The late Mustafa Komura, another Japanese leader, also embraced Islam in this period and played a major role in Islamic activities and worked closely with Muslims in East Turkistan and Yunnan, a province of China. After the war, he formed two Islamic societies which were officially recognized, hence being the first Japanese Muslim to obtain official registration from the Japanese authorities, which was literally an extremely difficult task in the country. He also sent scores of Japanese students to Pakistan, Malaysia, and Saudi Arabia and took an active part in translation of the meanings of Holy Qur’an to Japanese in Makkah Al Mukarramah, Saudi Arabia, and authored an extensive encyclopedia on the history of Islam in Japan, which we translated into English.


During this period, a large number of Japanese Muslims started performing Hajj. A few years later, late Salih Suzuki, a Japanese Hajj, had the honor of meeting the late King Abdul Aziz Al Saud who was in the habit of giving special care to Japanese pilgrims. Noor Tanaka performed Hajj for the second time in 1934.


In fact, Syed Amoudi who used to work in Muslim World League, Makkah Al Mukarramah, Saudi Arabia, informed me that Mr. Muhsin Japan Uglu, Mr. Qurban Ali’s brother in-law, visited Saudi Arabia and personally met the late King Faisal Bin Abdul Aziz in Taif in the mid thirties, explained to him the situation of Muslims in Japan and sought his help and support.


A Noted Lebanese businessman and a literary person Abdur Rahman Qulelat also came to Japan along with his family after a journey from Brazil and settled in Japan. In fact, he gave a great deal of assistance to Muslims in Japan. The DEBIS family, including their eldest member Abdul Hadi Debis, who was a big businessmen, also settled in Japan. The latter’s cousin, late Mr. Fuad Debis, as well as the entire Debis family made huge contributions towards the assistance of Muslims and Islam in Japan.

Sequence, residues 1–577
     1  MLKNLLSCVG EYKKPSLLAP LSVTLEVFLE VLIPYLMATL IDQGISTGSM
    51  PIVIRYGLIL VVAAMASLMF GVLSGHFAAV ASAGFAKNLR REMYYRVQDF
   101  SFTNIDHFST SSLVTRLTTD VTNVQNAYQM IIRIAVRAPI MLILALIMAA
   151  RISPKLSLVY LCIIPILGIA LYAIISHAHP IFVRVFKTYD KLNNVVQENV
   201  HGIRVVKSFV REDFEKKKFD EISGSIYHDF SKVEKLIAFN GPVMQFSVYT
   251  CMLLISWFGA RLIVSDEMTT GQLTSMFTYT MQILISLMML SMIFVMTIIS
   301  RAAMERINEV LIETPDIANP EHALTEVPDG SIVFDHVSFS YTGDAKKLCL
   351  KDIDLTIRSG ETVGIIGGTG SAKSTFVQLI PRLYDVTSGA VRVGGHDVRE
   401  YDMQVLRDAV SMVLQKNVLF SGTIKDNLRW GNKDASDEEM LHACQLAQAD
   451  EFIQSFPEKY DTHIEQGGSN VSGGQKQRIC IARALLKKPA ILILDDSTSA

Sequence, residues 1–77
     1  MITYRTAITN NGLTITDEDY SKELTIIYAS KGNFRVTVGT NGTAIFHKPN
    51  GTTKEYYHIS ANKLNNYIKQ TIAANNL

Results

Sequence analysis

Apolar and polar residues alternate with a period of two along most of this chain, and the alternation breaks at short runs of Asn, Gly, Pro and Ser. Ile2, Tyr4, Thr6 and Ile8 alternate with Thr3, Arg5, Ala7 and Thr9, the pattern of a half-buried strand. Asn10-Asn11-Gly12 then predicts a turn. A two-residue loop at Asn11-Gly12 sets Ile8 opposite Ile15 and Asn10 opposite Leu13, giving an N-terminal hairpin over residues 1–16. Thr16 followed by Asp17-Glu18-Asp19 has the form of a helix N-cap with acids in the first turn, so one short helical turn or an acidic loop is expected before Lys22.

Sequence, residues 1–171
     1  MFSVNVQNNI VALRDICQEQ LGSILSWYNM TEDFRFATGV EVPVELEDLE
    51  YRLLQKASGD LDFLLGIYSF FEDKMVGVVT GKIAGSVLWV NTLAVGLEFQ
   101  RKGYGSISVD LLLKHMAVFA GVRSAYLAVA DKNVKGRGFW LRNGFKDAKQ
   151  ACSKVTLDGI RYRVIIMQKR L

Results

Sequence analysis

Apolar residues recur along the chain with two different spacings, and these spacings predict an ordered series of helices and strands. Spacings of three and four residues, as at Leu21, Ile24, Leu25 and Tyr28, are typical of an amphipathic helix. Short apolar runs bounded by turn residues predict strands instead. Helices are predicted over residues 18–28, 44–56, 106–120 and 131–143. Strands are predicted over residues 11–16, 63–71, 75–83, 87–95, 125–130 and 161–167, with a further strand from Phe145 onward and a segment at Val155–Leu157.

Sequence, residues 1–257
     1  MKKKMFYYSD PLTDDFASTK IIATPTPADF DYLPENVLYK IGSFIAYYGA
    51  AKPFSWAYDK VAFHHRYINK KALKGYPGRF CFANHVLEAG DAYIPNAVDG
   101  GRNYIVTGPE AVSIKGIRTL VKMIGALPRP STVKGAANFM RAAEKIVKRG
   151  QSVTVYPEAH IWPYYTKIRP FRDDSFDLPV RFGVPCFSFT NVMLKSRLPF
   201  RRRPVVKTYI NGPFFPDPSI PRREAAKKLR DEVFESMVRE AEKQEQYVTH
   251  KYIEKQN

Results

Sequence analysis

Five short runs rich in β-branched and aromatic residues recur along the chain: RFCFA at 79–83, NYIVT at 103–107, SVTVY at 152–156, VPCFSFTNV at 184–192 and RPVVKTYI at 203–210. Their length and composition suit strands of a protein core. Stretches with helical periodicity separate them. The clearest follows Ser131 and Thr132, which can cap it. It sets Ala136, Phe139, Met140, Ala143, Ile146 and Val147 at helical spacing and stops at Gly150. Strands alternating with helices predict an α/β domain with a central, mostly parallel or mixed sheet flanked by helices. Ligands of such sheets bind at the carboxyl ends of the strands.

PERIOD FROM 1940 TO 1950:

Sheikh Abdullah Togai, Al Azhar University envoy as a caller to Islam, arrived in Japan in 1941 and stayed in Japan for only six months, and went back to Egypt which joined the Allies against the Axis during the Second World War. While still in Japan, he taught Mr. Umar Hayashi Arabic language. Hayashi is one of the elderly Japanese Muslims who work for a long time as a representative of Arab oil company in Riyadh, Saudi Arabia and still active with Japan Muslim Association.


Abdul Kareem Tabbarah, a famous Lebanese stock trader, lived in Japan in 1941 deciphered the symbols and mysterious writings owned by the Ainu Tribes, the aboriginal inhabitants of Japan, after skilled Japanese linguists and anthropologists failed to do so. Then he provided a translation of these symbols and writings during a press conference which was held in Tokyo. 


Japan joined the Second World War and occupied parts of Asia, affording Japanese the opportunity to come into contact with Muslims from China, Malaysia, Indonesia, and Philippine. Prominent Japanese persons embraced Islam, including Umar Yukiba who converted to Islam in Malaysia, the late Abdul Muneer Watanabe, the late Sadiq Imaizumi, the late Faruq Nagase, Suda and Matsubayashi.


Abdur Rasheed Ibrahim, the leading Tatar scholar of Japan, passed away in 1944 and was buried in Tama Muslim graveyard on the outskirts of Tokyo.


Japan lost the war and three million Japanese returned to Japan including those who embraced Islam in Asia.


Noorul Hasan Barlas returned to Pakistan after selling ancient stamps and used the money to buy tickets for himself and his wife. As I mentioned earlier on, I met his 82 year old son who had previously studied in Yokohama school.